Child Custody in Pittsburgh

Legal and Physical Custody

In Pittsburgh cases regarding child custody, the court must order which party is granted legal custody and physical custody, as well as determine physical custody type. Legal custody is the right to make major decisions regarding the child’s life, such as medical, religious, and educational matters. Sole legal custody of a child grants one party complete control over these decisions, without a requirement for input by the other party. Shared legal custody requires consultation of both custodial parties before a major decision concerning the child is made. Failure to consult the other party could result in legal penalties for the offending party, pending circumstances. Physical custody is the legal right to have care of a child, of which there four different types:
  • Primary – One party has majority physical care of the child, sometimes with no granted visitation by the second party.
  • Shared – Both parties share frequent unsupervised visitation time with the child, whether for short or extended periods of time.
  • Partial – A party can file for partial custody of a child, which grants unsupervised visitation for a short period of time, in regular intervals (i.e. 10 hours per week, every other weekend, etc.)
  • Supervised Visitation – The party that is granted supervised visitation may only see the child under the supervision of a court-approved individual. The supervising party can be a relative or friend of the primary guardian, however in serious cases, this is an agency or individual appointed by the court.
The two parties can reach an agreement on custody and visitation rights without the mediation of a judge. If such an agreement is reached, the agreement is taken to a judge to be put into an Order of the Court. If an agreement cannot be reached independently, the case moves in front of a judge, whom will appoint custody in the best interest of the child after hearing pleas from both parties.

Pennsylvania Child Custody Court

If the two parties cannot reach an agreement regarding custody and visitation rights, the case goes before a judge to appoint custody and visitation in the child’s best interests. If a court conference does not yield an agreement, the court can intervene, sometimes with a home study and psychological evaluation of each parent, to determine what is best for the child. After the custody trial and presentation of cases for each side, the judge will make a decision. In deciding primary custody and visitation rights of each party, the judge will consider environmental and psychological factors, including:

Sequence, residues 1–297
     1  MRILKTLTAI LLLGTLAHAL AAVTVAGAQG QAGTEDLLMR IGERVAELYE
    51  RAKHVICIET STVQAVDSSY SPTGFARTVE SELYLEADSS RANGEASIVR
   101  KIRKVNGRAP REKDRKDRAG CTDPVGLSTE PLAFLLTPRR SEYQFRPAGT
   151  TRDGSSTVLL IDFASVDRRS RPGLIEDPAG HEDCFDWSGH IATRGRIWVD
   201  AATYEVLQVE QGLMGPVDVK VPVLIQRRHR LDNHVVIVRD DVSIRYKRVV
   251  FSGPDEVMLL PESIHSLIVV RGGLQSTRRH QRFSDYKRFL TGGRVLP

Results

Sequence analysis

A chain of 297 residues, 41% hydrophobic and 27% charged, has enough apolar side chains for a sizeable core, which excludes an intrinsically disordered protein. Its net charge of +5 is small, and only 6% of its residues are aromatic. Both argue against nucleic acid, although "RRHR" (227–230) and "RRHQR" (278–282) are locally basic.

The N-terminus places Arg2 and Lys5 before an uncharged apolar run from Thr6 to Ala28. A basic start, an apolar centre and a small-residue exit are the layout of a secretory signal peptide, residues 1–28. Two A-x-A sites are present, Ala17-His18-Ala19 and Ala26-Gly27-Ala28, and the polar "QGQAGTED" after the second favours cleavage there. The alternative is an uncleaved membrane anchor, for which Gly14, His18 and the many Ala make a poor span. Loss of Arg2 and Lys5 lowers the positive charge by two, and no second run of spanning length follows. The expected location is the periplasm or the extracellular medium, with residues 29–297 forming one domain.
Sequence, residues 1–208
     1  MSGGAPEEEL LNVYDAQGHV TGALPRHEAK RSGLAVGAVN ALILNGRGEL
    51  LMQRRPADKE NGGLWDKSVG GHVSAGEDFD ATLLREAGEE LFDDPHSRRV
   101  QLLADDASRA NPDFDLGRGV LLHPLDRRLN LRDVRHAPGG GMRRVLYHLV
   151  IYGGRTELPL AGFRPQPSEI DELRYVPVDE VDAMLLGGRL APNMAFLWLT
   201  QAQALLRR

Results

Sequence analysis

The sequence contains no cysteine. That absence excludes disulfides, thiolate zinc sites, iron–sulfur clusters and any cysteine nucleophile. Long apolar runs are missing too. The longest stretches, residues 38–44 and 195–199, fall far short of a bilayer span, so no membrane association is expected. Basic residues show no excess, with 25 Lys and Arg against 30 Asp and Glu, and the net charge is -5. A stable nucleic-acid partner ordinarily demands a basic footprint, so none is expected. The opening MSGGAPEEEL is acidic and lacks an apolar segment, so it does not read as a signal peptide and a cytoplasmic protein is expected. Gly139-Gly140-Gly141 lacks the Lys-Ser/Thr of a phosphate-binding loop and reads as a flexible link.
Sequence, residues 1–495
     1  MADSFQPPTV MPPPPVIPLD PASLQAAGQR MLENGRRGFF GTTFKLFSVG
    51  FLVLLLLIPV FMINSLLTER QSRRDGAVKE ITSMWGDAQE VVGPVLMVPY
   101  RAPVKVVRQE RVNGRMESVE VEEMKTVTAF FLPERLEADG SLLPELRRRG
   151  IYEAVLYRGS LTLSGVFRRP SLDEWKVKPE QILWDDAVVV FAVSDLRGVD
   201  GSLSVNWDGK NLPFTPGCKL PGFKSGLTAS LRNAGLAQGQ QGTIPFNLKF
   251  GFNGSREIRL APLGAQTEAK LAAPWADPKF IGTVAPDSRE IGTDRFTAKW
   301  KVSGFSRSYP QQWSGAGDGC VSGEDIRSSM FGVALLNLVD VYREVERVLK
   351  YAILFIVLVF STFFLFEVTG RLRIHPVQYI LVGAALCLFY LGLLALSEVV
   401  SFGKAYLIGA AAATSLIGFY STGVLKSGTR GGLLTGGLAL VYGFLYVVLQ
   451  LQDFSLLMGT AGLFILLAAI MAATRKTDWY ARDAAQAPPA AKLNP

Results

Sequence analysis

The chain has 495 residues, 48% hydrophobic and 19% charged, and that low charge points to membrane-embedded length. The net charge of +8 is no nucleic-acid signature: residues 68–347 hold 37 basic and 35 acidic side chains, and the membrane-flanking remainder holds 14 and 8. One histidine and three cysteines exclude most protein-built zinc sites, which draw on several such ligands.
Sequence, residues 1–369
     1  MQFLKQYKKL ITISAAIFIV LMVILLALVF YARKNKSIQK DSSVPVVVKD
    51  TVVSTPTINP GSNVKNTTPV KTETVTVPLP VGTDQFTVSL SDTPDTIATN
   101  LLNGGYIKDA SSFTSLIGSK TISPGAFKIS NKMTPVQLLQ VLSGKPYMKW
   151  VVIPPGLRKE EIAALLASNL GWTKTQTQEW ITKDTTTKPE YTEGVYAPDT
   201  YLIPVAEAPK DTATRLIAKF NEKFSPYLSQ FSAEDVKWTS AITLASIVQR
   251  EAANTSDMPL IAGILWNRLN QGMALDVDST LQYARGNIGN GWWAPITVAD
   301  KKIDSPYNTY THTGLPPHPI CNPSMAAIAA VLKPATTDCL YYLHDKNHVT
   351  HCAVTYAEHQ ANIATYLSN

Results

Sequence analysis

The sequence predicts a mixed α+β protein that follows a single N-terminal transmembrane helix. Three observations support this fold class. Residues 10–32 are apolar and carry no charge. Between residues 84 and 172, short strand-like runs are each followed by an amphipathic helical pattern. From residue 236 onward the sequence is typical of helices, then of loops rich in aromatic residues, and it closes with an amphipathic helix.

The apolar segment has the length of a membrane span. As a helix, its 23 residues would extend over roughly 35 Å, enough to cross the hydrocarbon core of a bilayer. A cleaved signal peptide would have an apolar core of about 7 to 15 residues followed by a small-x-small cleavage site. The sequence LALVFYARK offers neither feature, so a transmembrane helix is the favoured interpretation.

• Criminal history, more importantly violent crimes and conduct
  • History of drug and alcohol abuse
  • Current living situations
  • General conduct and capability of positive relationship
  • Not separating siblings
  • Preference of the child
The judge normally does not consider income levels of either party, so long as each parent could provide the child with basic needs in a loving environment. Gender is no longer a factor for consideration.

Questions regarding child custody?

We know that custody cases are an emotionally taxing ordeal, which is why our law firm provides top care for our clients, keeping their interests at the forefront of the case. Call the Pittsburgh law firm of Joseph Horowitz at (###) ###-#### to ask any questions you may have regarding child custody and inquire about your rights as a parent or guardian.